The 11-day festival (April 8 – 18) will feature 153 feature films and shorts with 170 screenings. For the fourth consecutive year, Target will once again take the lead with the filmmaker awards sponsorship as the Target Narrative and Target Documentary Feature Competition winners will each receive a $25,000 unrestricted cash prize.
This year, the DALLAS Star Award, presented annually by the DALLAS International Film Festival to film artists in recognition of their unique contributions to cinema, will be given to writer-director Guillermo Arriaga (BABEL, 21 GRAMS), writer-director John Lee Hancock (THE ROOKIE, THE BLIND SIDE), three time Academy Award nominated cinematographer Wally Pfister (BATMAN BEGINS, THE PRESTIGE, THE DARK KNIGHT) and Mexican film Icon Pedro Infante (NOSOTROS LOS POBRES, USTEDES LOS RICOS, PEPE EL TORO) to mark Mexico’s Bicentennial. The stunning awards are designed from Steuben Crystal and are presented courtesy of Neiman Marcus.
Arriaga will be presented his DALLAS Star Award prior to a special “Conversation with…” panel discussion of his career and screening of his film THE BURNING PLAIN, Hancock and Pfister will both receive their DALLAS Star Award prior to the filmmaker awards during The DALLAS Film Society Honors event on Friday, April 16. The DALLAS Star Award will be presented posthumously to INFANTE PRIOR TO THE SCREENING OF NOSOTROS LOS POBRES.
Academy Award winning Writer/Director Pete Docter will be the recipient of the Texas Avery Animation Award presented by REEL FX ENTERTAINMENT, which honors lifetime achievement in animation filmmaking. The award will be presented to Docter prior to a special celebration of his career in animation.
Sponsored by Match.com, the Opening Night Festivities will showcase multiple films including narratives, documentaries and short films on all 8 screens of the Angelika Film Center at Mockingbird Station on Thursday, April 8. An audience of 1,600 Dallas film lovers will gather to enjoy red carpet arrivals, films and an Opening Night Celebration to be held throughout Mockingbird Station.
Special guest Bill Paxton and Honorary Chairs Mayor Tom Leppert and Laura Leppert will walk the red carpet and welcome festival goers to this fourth celebration of the best in cinema.
The Opening Night films include:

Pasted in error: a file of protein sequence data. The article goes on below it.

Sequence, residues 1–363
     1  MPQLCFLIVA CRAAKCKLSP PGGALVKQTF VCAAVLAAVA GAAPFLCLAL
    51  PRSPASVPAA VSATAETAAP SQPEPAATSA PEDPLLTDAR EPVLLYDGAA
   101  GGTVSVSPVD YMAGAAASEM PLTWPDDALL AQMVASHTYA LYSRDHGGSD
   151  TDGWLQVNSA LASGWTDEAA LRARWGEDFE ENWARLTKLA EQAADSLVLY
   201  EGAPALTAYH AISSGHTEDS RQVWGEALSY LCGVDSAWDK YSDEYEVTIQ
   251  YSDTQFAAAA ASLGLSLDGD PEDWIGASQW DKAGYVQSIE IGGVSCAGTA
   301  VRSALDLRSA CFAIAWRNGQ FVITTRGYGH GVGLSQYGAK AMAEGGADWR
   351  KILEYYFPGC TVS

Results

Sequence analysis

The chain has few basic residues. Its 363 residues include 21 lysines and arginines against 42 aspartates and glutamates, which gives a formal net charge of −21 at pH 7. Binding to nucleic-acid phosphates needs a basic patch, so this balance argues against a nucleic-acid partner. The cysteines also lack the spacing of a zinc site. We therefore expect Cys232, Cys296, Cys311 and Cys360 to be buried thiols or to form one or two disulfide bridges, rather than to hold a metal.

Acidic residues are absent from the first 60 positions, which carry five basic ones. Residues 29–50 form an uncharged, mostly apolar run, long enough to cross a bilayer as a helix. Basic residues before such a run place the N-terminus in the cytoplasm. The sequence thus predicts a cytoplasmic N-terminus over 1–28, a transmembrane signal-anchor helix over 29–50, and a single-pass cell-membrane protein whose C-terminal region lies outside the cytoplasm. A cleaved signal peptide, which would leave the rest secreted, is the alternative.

BILL CUNNINGHAM NEW YORK (representing documentaries)
Directed by Richard Press, the documentary chronicles the life of the legendary, yet enigmatic New York Times photographer. Obsessively interested in one thing – the pictures he takes that document the way people dress – Cunningham lives a monk-like existence, yet has managed to not only chronicle the intersection of fashion and society in New York over fifty years, but has long been held in the highest regard by the upper crust of New York.
MULTIPLE SARCASMS (representing narrative)
Directed by Brooks Branch, the film is a quirky relationship drama about an architect (played by Timothy Hutton), successful and in his 40s, who begins questioning his life choices and starts writing a play based on his life. As the play begins to take shape, his real life begins to unravel. The cast includes Stockard Channing, Dana Delany, Chris Sarandon, Mira Sorvino, and Mario Van Peebles.
NOSOTROS LOS POBRES (WE THE POOR) (representing Mexican cinema)
As part of a nod to the celebration of the Mexican Bicentennial, DALLAS IFF will screen this classic from 1948. Directed by Ismael Rodriguez and starring Pedro Infante, the film is widely considered to be one of the best known and beloved films from Mexico. The film attempts to depict and dignify the lives of the working-class poor in Mexico City with a slice-of-life story involving several characters that live within the same neighborhood.
SKATELAND (representing Texas made cinema)
Directed by Anthony Burns, SKATELAND is a coming-of-age film set in 1983 centering on ‘Ritchie’, a worker at Skateland, the roller rink and local hangout of a small town. With Skateland due to close, the party scene getting stale and his romantic life as cloudy as his future; Ritchie struggles to make sense of it all. When tragedy strikes his friends and family, Ritchie must face the music—and make the biggest decision of his life.